Kota Kinabalu: They were the first Filipino group to climb Mt Everest from its north face and reach the top not just once but three times! Now they have decided to test their mettle on something equally extraordinary.
"Going to the sea in an ancient migratory barangay sail boat is more than coming down to earth," joked Art Valdez, 61, leader of "Voyage of The Barangay" which sailed into the beach off Kinabalu Yacht Club, Saturday.
Before breaking into international waters into Sabah on its way down to Singapore, then upwards to Vietnam and Shanghai, Valdez and his flotilla of three barangays had spent a year sailing around the Philippines, making 80 stops in all.
The international leg first took them to Sandakan, then up to Kudat, around the tip of Borneo to Kota Kinabalu. Everywhere they went, they were greeted with rousing welcome.
"We are out to show the young the sea is part of the natural environment and part of the natural highway for the peoples of the Philippines and Southeast Asia," said Valdez, a friend of Tengku Datuk Dr Adlin, Chairman of Sabah Tourism Board.
"It unifies rather than divide us," Valdez added.
"What we are riding on is a closest possible replica of a boat dug up in coastal waters of Butuan City, Mindanao, which was carbon-dated to 320AD or the 4th Century," noted Valdez.
"Riding that now and purely powered by wind and sail gives the young confidence that we can do it again the way our forefathers did it."
The significance of the Butuan barangay rests on the fact that it was the first wood watercraft ever dug up in Southeast Asia. Hence the artifact is evidence of early Filipino craftsmanship and their seamanship skills before the arrival of Spanish colonisers.
The barangay is believed to be the chief means by which the ancestors of Filipinos migrated to the country. "Its original builders are our nomadic seafarers - the people of Samar who are the Bajaus of the Philippines, similar to the Bajaus in Semporna. The Barangay is like your lepa but this is a big lepa - 61ft long, 11ft wide, 5ft tall while the second one is 81ft long and 14ft wide," Valdez said.
"The boats are built with no plan, no design, no measurement except on the head of the master builders and fastened with wood pegs and only two people can do it - the Samar people and one trip in northern Philippines," Valdez said.
Barangay is an Austronesian word meaning "sailboat" but when the Spaniards arrived in the 16th century, they found the Filipinos already had a civilisation of their own and living in well organised independent villages called barangay.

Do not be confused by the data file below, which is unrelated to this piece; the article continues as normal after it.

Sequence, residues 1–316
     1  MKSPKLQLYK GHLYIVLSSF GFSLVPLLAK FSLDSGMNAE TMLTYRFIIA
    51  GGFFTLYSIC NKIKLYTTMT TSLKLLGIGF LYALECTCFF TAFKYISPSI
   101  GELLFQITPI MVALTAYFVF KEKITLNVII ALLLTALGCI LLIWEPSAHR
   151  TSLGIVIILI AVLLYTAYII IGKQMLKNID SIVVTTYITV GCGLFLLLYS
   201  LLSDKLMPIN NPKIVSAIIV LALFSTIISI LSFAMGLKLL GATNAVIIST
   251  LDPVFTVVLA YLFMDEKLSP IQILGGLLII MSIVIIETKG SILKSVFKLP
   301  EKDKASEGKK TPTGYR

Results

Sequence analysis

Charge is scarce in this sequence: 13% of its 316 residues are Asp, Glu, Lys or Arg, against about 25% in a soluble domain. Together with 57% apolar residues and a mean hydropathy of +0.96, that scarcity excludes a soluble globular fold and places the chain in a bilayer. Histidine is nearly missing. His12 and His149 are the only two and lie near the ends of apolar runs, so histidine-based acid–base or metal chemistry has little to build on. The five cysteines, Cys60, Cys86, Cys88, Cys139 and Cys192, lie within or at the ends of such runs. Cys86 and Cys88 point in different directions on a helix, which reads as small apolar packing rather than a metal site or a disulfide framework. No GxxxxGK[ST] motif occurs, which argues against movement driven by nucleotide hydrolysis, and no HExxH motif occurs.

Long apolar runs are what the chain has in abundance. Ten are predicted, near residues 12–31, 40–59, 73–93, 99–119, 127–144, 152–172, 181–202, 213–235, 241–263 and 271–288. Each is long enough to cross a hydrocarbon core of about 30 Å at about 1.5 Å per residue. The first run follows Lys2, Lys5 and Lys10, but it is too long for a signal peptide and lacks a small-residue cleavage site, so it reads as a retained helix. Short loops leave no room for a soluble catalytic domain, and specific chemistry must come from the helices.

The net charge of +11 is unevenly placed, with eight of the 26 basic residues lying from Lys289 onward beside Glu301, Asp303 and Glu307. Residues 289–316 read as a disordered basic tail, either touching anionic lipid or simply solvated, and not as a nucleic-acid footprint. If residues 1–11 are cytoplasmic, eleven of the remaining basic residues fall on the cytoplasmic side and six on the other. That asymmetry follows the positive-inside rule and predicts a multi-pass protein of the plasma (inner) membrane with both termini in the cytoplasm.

"Voyage of The Barangay's passage to Kota Kinabalu from the Philippines with Shanghai as their destination hopefully by October, is part of a yearning to trace the migration route of our forefathers.
Not just Filipinos but also the people of Southeast Asia, the people who live in the Pacific and even the Indian Ocean," Valdez explained.
"Our forefathers came from the southern coasts of mainland Asia, in Southern China, Vietnam and Cambodia," he said.
In the interest of safety, they hug the coast down Borneo and up Indochina rather than facing the big waves crossing the Bashi Channel going north to Taiwan from the Philippines.
"The barangay built to the original specifications using wooden pegs to hold things together is not structurally strong to stand up to very rough waves.
"In fact we experienced a scare in Mindanao where our boat almost got smashed," he said.
"The weather is the challenge but our biggest danger is the possibility of being hit by big ships because we are wooden and so we can't be seen on their radars," Valdez said.
To avoid this threat, a radar detector is fitted at the tip of the mast of one of the three baranays which together carry a total of 35 voyagers.
Tougher still is to comply with the legal requirements of the international stops which is riddled with bureaucracy, Valdez said.
The barangay will be opened for public viewing between 9-11 am and 3-5pm today (Sunday), to learn the purpose and history, said Ms Quek I-Gek, Sales and Marketing Director of Mountain T0RQ Sdn Bhd.
"One purpose is to raise funds to help cover the cost of completing several thousand nautical miles which needs quite a lot of money," said Ms Quek.
Their corporate sponsors include San Miguel Corporation, Tao Corporation, Holcim, Agatep Associates and Coleman. Ms Quek's contact is 019-8138162.